With just one day left to decide the fate of a bill to legalize marijuana sales in Vermont, Gov. Phil Scott (R) says he’s still not sure what he’s going to do with the proposal that’s been on his desk since last week.
During a press briefing on Tuesday, the governor was asked for a status update on his thinking about the legislation. He’s demurred several times on the question in recent days, stating that he needs to take into account newly expressed concerns from certain racial justice groups that have reached out to him.
“Obviously I have until tomorrow to come to a conclusion on that and I’m still weighing all the options and moving in that direction,” Scott said, adding that he’s “weighing what [legislators have] done, again, in good faith.”
The governor has previously commended the legislature for their approach to S. 54. Differing versions of the bill passed each chamber before being reconciled in a bicameral conference committee last month. The legislature then approved the finalized proposal and sent it to Scott’s desk.
Listen to the governor discuss the marijuana tax-and-regulate bill, starting around 33:45 into the video below:
“They did move forward in a lot of areas that I had concerns about, but it still isn’t exactly what I’d like to see and there are some shortcomings,” he said. “So, again, I’ll be reflecting on that over the next 24 hours and then coming to a conclusion tomorrow.”
The governor’s recently stated concerns about alleged racial justice-related inadequacies in the cannabis commerce bill is a new narrative that he hadn’t expressed until after it passed the legislature in its final form. Previously, his criticism centered on issues such as impaired driving, taxes and local control—areas where lawmakers made concessions to Scott’s positions.
Advocates are skeptical about the new messaging development and question whether the governor is simply looking for a cop-out to justify vetoing the bill. He rejected an earlier version of a bill to legalize low-level possession and home cultivation on a noncommercial basis in 2018 before negotiating changes with lawmakers that made him comfortable with signing revised legislation.
Lt. Gov. David Zuckerman (D), who’s running against Scott for the governorship, stressed in a debate last week that while he agrees with the sentiment that more needs to be done to ensure racial justice, an imperfect bill can be improved upon, and the legislature has plenty of time to finesse the details before legal cannabis sales launch.
He also noted that separate legislation providing for automatic expungements of prior cannabis convictions would complement the restorative justice provisions of the tax-and-regulate bill. That proposal has also been formally transmitted to Scott’s desk, and he has until Monday to act on it.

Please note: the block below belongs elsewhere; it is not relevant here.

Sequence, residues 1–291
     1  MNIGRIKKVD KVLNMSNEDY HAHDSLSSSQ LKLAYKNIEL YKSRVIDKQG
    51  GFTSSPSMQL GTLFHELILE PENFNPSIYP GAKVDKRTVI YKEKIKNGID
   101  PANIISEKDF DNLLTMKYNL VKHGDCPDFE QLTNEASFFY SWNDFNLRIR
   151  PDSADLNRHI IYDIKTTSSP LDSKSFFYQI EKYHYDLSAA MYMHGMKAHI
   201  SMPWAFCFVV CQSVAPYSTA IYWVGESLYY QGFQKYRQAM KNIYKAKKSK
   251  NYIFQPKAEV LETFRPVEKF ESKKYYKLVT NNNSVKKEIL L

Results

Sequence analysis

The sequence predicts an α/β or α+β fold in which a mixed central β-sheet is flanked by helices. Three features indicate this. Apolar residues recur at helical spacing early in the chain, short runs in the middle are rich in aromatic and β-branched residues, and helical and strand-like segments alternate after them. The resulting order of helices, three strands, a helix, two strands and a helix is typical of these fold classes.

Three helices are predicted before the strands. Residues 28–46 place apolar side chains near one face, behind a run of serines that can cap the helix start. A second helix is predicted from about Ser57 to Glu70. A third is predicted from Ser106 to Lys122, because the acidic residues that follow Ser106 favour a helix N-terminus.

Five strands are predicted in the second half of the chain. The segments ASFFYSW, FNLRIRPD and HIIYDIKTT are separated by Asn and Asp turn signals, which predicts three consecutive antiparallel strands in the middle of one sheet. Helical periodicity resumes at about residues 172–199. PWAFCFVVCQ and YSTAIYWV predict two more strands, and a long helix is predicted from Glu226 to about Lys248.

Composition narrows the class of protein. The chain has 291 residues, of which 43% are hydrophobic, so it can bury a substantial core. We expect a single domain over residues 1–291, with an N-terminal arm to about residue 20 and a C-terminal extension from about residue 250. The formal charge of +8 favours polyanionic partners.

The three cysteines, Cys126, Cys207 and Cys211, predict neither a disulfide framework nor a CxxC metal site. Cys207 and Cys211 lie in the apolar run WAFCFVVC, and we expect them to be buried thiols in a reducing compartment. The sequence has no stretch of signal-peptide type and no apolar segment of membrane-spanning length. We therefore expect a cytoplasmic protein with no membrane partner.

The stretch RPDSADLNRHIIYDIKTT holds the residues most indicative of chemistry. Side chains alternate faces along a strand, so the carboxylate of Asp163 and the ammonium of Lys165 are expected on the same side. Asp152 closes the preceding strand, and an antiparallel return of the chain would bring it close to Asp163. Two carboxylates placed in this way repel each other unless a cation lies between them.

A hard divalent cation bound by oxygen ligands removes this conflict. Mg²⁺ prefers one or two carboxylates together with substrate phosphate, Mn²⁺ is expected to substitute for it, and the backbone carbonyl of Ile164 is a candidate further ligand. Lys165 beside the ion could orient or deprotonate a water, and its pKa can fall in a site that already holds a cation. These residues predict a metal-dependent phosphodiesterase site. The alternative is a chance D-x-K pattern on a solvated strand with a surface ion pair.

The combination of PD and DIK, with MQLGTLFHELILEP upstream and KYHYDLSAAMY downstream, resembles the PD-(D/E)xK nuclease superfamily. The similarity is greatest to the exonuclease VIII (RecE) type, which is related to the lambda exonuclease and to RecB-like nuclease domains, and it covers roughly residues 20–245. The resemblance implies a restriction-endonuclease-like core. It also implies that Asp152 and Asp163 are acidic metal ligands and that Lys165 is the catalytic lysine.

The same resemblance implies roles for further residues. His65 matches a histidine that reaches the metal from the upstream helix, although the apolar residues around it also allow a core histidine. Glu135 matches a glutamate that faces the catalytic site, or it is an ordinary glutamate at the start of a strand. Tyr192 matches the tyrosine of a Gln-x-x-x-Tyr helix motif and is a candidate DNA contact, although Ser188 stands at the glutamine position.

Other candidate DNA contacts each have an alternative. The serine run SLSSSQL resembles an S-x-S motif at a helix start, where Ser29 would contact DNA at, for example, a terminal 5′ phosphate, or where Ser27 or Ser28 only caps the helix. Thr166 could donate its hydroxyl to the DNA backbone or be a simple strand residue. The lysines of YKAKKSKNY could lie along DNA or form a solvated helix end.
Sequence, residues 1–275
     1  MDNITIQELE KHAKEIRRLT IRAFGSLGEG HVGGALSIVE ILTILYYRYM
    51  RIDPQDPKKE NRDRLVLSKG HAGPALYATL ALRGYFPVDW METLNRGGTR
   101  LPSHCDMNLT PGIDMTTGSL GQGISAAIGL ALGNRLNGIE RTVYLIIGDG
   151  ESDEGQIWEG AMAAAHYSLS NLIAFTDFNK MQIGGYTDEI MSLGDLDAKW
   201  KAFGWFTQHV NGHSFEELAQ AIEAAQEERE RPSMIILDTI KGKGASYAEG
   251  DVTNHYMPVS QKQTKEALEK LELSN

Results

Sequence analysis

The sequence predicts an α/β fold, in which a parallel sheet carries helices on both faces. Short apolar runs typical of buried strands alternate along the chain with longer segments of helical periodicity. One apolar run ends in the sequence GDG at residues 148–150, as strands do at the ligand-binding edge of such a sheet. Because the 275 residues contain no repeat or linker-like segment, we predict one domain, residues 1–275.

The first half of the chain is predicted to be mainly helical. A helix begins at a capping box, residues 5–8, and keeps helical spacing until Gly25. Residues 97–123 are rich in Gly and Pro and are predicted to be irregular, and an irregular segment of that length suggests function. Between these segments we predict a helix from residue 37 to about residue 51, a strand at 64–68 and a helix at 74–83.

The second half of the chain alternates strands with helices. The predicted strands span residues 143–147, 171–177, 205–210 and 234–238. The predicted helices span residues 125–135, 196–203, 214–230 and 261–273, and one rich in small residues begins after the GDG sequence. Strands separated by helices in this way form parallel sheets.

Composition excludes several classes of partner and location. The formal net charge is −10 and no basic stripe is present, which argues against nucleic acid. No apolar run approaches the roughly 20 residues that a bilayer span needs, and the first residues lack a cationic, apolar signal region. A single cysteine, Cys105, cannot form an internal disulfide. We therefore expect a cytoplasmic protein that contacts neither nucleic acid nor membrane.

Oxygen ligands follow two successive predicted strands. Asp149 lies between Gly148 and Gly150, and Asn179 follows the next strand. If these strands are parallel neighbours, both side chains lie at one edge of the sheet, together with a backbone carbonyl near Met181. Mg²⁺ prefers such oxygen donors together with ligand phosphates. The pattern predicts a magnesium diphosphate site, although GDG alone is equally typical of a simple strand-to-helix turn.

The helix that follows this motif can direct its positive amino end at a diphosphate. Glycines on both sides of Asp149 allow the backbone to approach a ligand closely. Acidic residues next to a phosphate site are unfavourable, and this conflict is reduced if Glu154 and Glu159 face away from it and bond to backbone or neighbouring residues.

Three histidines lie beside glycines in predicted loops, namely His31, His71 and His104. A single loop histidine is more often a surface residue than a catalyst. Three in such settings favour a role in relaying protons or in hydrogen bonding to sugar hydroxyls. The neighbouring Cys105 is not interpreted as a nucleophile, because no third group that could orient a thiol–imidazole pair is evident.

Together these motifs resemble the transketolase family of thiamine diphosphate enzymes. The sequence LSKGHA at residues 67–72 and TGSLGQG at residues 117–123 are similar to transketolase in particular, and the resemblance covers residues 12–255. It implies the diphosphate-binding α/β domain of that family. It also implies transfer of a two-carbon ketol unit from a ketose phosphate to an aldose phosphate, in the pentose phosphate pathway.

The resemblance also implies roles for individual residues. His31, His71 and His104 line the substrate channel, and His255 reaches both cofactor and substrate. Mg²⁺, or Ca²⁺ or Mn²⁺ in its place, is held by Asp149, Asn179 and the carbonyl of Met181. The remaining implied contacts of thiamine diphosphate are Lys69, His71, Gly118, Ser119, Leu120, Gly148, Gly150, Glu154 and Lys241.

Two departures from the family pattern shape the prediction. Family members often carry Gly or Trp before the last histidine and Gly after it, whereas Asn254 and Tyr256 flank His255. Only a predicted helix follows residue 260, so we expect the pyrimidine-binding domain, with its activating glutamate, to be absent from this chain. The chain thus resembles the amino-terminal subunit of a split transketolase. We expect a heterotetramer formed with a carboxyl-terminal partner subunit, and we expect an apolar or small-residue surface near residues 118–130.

A coalition of Vermont civil rights and criminal justice reform groups including the state’s ACLU chapter released a statement on Sunday that says while they share concerns about the limitations of the social equity components of the marijuana commerce bill, they feel it can be built upon and want the governor to sign it, in addition to the expungements legislation.
Under the cannabis commerce bill, a new Cannabis Control Commission would be responsible for issuing licenses for retailers, growers, manufacturers, wholesalers and labs. The body would also take over regulation of the state’s existing medical cannabis industry from the Department of Public Safety .
A 30 percent THC limit would be imposed on cannabis flower, while oils could contain up to 60 percent THC. Flavored vape cartridges would be banned.
Local jurisdictions would have to proactively opt in to allow marijuana businesses to operate in their area. Municipalities would also be able to establish their own regulations and municipal licensing requirements.
A timeline for the legislation states that it would formally take effect on October 1, 2020—but regulators would then have to make a series of determinations about rules and licensing before retail sales would launch. Dispensary licenses would have to be issued on or before October 1, 2022.
A fiscal analysis on the final bill projects that Vermont will generate between $13.3 million and $24.2 million in annual cannabis tax revenue by Fiscal Year 2025. Licensing fees will lead to additional funds for the state, but the regulatory board created by the legislation will set those levels at a later date. For now, the Joint Fiscal Office estimates the fees could lead to another $650,000 in revenue every year. Municipalities hosting marijuana businesses will also be able to levy additional local fees.
The separate expungements bill would make it so those with convictions for marijuana possession of up to two ounces, four mature plants and eight immature plants prior to January 2021 would have their records automatically cleared. Those who receive expungements would be notified by mail.
It’s not clear what will happen if Scott vetoes the legal cannabis sales bill. It passed the Senate with a veto-proof margin, but fell shy of that threshold in the House. If he neither signs nor vetoes the bill by the end of the day on Wednesday, it will become law.
Photo courtesy of Mike Latimer.